DSA stands with CWA AT&T strike


Communication Workers of America held one of the largest retail worker strikes in US history. Cleveland DSA was there to stand in solidarity with the striking workers.

Lines Drawn

On Friday, May 19th members of CWA Local 4320 and approximately 40,000 employees of AT&T Mobility walked off the job in a 3-day strike that stretched across the country. DSA members across the country came out in support of the picket lines. Cleveland DSA members joined them on the picket lines at Independence and Avon with signs, comaraderie, and working class solidarity. Our comrades in Akron DSA were a visible presence in North Canton and helped reinforced the pickets with us in Independence. AT&T reports the strike severely hampered their weekend operations, indicating the labor action was effective.

CWA Local 4320 were also joined by Utility Workers Union of America Local 270 and Gas Workers Union Local G-555 with a picket line totaling approximately 20 at the Independence AT&T Store. Heather Frishkorn, a 7 year member of CWA Local 4320, stated: “This strike is due to AT&T’s refusal to bargain in good faith. CWA’s demands are clear: AT&T is to stop outsourcing call center jobs overseas or non-union workers, halt the transition of corporate stores to non-union franchises, and to raise sales commission caps.”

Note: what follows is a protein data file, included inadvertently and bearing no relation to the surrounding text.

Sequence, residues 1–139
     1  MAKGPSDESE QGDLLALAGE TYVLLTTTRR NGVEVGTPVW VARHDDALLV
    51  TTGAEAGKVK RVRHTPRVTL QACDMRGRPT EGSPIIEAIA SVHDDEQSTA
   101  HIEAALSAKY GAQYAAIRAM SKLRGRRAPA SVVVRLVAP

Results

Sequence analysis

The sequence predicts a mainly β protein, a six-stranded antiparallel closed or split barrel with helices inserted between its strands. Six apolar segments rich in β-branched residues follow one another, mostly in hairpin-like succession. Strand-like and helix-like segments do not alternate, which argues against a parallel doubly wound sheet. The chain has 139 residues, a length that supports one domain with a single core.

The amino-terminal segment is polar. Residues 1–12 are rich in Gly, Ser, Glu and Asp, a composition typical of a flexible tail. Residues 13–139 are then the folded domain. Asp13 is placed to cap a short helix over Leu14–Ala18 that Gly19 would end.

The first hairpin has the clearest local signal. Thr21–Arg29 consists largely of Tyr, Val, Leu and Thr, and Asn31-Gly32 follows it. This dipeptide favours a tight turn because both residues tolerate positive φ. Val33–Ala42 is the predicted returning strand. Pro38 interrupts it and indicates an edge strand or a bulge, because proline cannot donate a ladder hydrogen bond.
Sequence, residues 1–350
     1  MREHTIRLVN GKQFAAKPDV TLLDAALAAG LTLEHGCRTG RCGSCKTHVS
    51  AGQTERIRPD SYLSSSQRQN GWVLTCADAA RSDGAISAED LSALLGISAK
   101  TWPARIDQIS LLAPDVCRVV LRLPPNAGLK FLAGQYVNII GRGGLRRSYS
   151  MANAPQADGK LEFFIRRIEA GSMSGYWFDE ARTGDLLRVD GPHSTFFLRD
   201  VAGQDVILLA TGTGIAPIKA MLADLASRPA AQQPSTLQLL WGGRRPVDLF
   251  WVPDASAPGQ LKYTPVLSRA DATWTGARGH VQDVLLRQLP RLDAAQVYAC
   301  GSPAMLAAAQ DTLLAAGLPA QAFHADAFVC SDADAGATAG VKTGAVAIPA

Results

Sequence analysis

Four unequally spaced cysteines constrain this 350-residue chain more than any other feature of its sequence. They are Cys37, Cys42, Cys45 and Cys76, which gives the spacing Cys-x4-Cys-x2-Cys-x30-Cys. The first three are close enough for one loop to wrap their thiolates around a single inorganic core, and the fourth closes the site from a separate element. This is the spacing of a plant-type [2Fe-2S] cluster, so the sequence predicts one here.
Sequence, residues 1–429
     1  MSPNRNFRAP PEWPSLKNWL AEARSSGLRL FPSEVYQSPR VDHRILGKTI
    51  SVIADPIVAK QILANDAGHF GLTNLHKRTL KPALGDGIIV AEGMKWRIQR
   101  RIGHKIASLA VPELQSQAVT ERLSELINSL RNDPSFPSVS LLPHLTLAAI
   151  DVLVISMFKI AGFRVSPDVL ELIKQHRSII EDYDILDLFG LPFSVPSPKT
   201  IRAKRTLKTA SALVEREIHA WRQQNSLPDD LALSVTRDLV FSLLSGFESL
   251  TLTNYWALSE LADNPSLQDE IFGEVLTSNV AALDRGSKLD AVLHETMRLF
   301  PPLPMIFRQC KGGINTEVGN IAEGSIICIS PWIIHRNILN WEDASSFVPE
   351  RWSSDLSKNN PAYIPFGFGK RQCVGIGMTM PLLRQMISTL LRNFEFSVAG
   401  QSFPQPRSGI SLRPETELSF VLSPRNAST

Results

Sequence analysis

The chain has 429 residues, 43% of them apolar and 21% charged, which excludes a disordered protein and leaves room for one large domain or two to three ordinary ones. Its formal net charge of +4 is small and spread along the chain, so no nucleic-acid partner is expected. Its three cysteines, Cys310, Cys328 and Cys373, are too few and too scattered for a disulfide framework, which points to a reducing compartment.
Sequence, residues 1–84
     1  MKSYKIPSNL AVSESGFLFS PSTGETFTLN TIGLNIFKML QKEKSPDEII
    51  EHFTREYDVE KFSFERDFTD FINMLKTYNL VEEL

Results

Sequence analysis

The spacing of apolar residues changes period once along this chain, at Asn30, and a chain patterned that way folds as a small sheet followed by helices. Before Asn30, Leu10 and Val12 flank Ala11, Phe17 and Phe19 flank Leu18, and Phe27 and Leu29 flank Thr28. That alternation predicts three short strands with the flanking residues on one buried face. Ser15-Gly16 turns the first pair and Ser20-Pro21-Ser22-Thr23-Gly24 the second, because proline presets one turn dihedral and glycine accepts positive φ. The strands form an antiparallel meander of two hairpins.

“It’s easy to see what a union can do for you. Look at
what you get when you don’t have one. Low wages, no
benefits.” – Mike Roberts, UWUA Local 270


AT&T put out an overly self-congratulatory press statement claiming their union workers made “$115K – $148k per year” already. (Corporations often include the cost of benefits, such as 401K and health care contributions, to artificially inflate their reports about worker wages.) AT&T claimed they had a “substantial contingency workforce of well-trained managers and vendors in place” (aka scabs). The store we picketed at was closed tight, paper sign hastily plastered to the door, “contingents” nowhere to be found.

The response from the local public was encouraging. Several drivers honked their horns, waved at us, and people regularly stopped to talk to strikers and offer their support. It is also worth noting that no elected official in Northeast Ohio put out a formal statement of support, visited a picket line, or even placed the strike on their
publicly available calendars. Cleveland DSA was the only political organization at the NEO picket lines.

Words of Wisdom

Mary Jo Herman and Mike Roberts of UWUA Local 270, both multi-generational union workers, had wise words for young people. Roberts, a union member and First Energy worker since the 1970’s, had the following to say: “It’s easy to see what a union can do for you. Look at what you get when you don’t have one. Low wages, no benefits. I put 2 kids through college,” then said with a chuckle, “And paid for 1 good divorce.”

Paul Talboo, 17 year member of Gas Workers Union Local G-555, said: “It’s an embarrassment that a massive corporation can’t pay its workers fairly.”

As of 5/31, CWA and AT&T are at a stalemate, with no headway on negotiations on the other side. If CWA returns to the picket line, Cleveland DSA will be right there alongside them.